Scrambled F-16s, a sonic boom and plane crash mystery in Virginia: What we know

Federal investigators on Monday hoped to begin unraveling the mystery of a private plane that made a U-turn over Long Island and flew hundreds of miles off its flight path Sunday, prompting F-16 fighter jets to scramble at supersonic speed to intercept the Cessna before it crashed in a Virginia forest, killing four people.

The plane's wayward travel included restricted airspace over the nation's capital. A sonic boom from one of the pursuing jets startled residents across Washington and parts of Maryland and Virginia as the fighters shadowed the unresponsive plane, firing off flares in an ill-fated effort to gain the pilot's attention.

It was not clear why the plane veered off course, but loss of cabin pressure − which could render the pilot and passengers unconscious − was a possibility, the plane's owner said.

The Federal Aviation Administration said in a statement the plane crashed into mountainous terrain near rural Montebello, Virginia, around 3:30 p.m. No survivors were found. The National Transportation Safety Board will lead the investigation into the crash, the statement said. 

A view of the area in Saint Mary's Wilderness area, Va., on June 5, 2023, where rescue crews are searching for the wreckage of a Cessna Citation that crashed into mountainous terrain near Montebello, Va.

Why the F-16s were scrambled

U.S. Capitol Police officials said they were monitoring the unresponsive pilot along with federal partners as the plane flew nearby on Sunday afternoon. The U.S. Capitol Complex was "briefly placed on an elevated alert until the airplane left the area," police said.

Six jets from three locations were launched, and F-16 fighters from the D.C. National Guard intercepted the Cessna 560 Citation V at about 3:20 p.m. The pilot never responded to attempts to establish communication, North American Aerospace Defense Command (NORAD) said.

Graphics: Cessna's flight, sonic boom of pursing F-16 jets

Sonic boom startles region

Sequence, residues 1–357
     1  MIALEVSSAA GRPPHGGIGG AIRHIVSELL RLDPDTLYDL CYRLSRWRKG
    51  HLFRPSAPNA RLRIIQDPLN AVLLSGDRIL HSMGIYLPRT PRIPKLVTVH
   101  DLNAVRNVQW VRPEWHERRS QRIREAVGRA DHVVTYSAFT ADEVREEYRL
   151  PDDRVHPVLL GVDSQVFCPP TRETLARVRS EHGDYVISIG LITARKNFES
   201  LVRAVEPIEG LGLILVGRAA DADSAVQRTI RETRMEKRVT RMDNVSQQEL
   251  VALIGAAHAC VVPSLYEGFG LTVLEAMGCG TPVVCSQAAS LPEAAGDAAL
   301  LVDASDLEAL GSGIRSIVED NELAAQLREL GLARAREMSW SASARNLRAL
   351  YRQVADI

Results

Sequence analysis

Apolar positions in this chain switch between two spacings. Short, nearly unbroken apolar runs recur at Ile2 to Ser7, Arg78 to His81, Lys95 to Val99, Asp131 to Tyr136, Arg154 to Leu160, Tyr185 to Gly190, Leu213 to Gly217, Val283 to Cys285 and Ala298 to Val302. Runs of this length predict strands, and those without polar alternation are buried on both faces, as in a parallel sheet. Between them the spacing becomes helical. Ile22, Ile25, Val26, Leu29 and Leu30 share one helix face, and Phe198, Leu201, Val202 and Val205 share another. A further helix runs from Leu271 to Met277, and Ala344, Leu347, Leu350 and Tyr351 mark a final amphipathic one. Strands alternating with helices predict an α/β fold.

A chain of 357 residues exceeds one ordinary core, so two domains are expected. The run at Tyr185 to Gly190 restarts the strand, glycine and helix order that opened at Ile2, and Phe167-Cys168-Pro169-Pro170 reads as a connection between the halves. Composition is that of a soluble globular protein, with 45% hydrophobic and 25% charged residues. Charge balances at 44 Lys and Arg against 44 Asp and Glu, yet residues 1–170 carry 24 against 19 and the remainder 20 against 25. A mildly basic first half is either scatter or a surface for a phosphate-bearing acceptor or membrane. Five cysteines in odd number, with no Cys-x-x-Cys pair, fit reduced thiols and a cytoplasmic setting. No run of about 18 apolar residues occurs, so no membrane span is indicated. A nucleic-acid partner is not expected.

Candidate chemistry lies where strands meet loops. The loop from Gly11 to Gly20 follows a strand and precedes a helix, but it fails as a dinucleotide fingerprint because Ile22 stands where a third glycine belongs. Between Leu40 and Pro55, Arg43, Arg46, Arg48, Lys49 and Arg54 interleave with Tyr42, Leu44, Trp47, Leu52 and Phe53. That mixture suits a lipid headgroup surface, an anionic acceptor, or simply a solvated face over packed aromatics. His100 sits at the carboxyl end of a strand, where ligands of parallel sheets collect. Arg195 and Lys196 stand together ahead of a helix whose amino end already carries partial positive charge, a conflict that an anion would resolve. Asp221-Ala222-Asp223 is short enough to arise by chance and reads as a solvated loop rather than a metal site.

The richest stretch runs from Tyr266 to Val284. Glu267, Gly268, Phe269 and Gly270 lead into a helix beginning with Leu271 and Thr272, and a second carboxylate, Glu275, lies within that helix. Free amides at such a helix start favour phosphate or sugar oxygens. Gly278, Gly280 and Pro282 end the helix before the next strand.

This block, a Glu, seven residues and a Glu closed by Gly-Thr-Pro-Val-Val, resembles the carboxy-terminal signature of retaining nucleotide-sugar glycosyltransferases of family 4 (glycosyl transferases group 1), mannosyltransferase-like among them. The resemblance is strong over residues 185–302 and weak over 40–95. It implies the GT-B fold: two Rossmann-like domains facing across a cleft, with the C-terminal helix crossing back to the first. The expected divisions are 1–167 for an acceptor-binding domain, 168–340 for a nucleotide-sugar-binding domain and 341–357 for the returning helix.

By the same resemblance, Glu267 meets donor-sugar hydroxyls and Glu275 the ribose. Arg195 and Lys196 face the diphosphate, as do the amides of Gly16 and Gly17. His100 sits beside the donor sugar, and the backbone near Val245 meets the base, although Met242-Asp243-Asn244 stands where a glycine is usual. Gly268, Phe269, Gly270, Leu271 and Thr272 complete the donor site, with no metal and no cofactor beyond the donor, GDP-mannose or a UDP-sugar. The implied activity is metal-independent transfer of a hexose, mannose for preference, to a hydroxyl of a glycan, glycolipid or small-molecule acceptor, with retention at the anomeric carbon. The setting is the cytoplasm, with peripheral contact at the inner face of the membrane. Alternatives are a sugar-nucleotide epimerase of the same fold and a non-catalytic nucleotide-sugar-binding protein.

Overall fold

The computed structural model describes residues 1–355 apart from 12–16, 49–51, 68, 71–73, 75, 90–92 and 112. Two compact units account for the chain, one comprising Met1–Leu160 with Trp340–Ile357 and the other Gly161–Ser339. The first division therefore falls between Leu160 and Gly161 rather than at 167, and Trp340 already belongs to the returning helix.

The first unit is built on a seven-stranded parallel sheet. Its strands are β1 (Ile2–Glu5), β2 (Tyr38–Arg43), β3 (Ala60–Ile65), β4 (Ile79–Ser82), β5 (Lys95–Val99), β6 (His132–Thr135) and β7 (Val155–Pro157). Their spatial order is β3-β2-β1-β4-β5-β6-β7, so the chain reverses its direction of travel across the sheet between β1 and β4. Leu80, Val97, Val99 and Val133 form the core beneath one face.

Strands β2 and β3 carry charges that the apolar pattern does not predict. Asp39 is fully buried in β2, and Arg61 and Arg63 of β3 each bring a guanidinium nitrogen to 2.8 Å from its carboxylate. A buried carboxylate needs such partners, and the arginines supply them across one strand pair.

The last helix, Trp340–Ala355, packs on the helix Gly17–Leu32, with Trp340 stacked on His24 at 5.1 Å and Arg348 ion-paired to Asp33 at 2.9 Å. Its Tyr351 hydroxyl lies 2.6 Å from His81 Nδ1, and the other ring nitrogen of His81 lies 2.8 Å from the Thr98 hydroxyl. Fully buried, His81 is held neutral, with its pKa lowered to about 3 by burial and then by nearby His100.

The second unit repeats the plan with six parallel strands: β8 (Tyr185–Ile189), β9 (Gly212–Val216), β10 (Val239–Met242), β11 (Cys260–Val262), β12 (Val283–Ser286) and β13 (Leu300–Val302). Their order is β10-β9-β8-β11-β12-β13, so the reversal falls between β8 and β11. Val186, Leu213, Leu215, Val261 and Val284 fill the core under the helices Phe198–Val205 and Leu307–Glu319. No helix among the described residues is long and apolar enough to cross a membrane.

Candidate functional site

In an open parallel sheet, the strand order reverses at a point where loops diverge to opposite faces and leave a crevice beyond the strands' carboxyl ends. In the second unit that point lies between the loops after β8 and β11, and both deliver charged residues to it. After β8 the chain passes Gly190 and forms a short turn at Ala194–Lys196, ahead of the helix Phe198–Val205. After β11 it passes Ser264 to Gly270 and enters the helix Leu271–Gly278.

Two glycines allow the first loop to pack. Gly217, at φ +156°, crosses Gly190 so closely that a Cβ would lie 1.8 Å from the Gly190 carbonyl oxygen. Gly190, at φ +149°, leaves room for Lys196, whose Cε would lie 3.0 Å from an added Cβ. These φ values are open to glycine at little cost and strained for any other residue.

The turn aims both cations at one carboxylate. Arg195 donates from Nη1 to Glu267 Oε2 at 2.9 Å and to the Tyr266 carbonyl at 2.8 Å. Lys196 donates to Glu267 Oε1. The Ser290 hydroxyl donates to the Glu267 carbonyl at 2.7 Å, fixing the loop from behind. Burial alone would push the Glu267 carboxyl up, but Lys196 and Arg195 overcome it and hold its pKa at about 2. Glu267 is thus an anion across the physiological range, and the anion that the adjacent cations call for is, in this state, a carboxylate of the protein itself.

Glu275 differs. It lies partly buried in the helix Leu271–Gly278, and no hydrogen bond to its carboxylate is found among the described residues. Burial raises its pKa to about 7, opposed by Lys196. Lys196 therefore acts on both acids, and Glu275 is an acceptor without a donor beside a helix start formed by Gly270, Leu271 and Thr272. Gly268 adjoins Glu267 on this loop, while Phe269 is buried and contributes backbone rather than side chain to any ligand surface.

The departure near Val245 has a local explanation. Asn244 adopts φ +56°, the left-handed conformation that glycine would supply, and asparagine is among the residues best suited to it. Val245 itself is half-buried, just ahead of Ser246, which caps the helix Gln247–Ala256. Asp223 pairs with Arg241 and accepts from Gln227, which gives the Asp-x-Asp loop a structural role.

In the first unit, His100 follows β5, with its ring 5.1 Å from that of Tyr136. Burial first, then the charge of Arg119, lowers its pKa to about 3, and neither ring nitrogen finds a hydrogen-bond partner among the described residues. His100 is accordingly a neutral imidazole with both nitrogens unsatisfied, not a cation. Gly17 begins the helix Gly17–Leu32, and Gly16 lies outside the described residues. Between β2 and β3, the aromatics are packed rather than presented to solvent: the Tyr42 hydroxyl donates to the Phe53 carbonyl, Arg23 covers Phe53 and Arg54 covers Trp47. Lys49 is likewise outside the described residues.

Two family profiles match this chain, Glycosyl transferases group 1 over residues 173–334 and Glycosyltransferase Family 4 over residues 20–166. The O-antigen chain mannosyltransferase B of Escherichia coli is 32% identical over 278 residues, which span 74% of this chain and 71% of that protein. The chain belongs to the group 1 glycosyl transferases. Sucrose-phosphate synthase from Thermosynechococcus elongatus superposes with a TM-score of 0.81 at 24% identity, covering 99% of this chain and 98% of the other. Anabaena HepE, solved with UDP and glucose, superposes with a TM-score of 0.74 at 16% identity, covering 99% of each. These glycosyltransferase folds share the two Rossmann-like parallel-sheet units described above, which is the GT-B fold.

The intercept caused the sonic boom heard across the Washington region about 3:10 p.m., according to NORAD. F-16 fighter jets were “authorized to travel at supersonic speeds," the agency said. Officials in Bowie, Maryland, and the Annapolis Office of Emergency Management in Maryland said the sound was from an aircraft that had flown out of Joint Base Andrews.

Forest Service worker David Whitmore, center, consults a map with Augusta county emergency management worker Patrick Lam, right, along with Aaron Bennington, left, and Brent Foltz, rear, on June 5, 2023, near the plane crash site in the George Washington National Forest.

Plane was flying from Tennessee to New York

The plane took off from Elizabethton Municipal Airport in Elizabethton, Tennessee, bound for Long Island MacArthur Airport in New York, the FAA said. It reached Long Island before making its U-turn and flying hundreds of miles before crashing 135 miles southeast of Washington.

Flight tracking sites showed the jet underwent a rapid, spiraling descent, dropping at a rate of more than 30,000 feet per minute before slamming into remote wilderness near the George Washington National Forest. Virginia State Police said officers were notified of the crash shortly before 4 p.m. and that it took rescue workers on foot about four hours to reach the crash site.

A Cessna 560 Citation V plane crashed June 4, 2023, about 15 miles south of Staunton, Va.

Cessna's owners says their family was on board

The Cessna is registered to Encore Motors in Melbourne, Florida, which is owned by Barbara Rumpel and run by her husband John Rumpel. The couple is prominent in Brevard County business circles, and John Rumpel told The Washington Post that his "entire family" was onboard the Cessna, including his daughter, a grandchild and a nanny. They were returning to their home in East Hampton on Long Island after visiting his house in North Carolina, he said.

Condolences were posted on Barbara Rumpel's Facebook page. She responded that "my family is gone, my daughter and granddaughter."

Rumpel, a pilot, said he hoped his family didn’t suffer and suggested the plane could have lost pressurization.

The incident brought back memories of a Learjet that lost cabin pressure and flew aimlessly for hundreds of miles with golfer Payne Stewart aboard before crashing into a pasture in South Dakota in 1999. Six people died.

Biden heard the boom

President Joe Biden was playing golf with his brother at Joint Base Andrews around the time the fighter jets took off. Anthony Guglielmi, spokesperson for the U.S. Secret Service, said the incident had no impact on the president’s movements Sunday. A White House official said the sound of the boom was faint at the golf course, and that the president had been briefed on the crash.

Contributing: J.D. Gallop, Florida Today; The Associated Press

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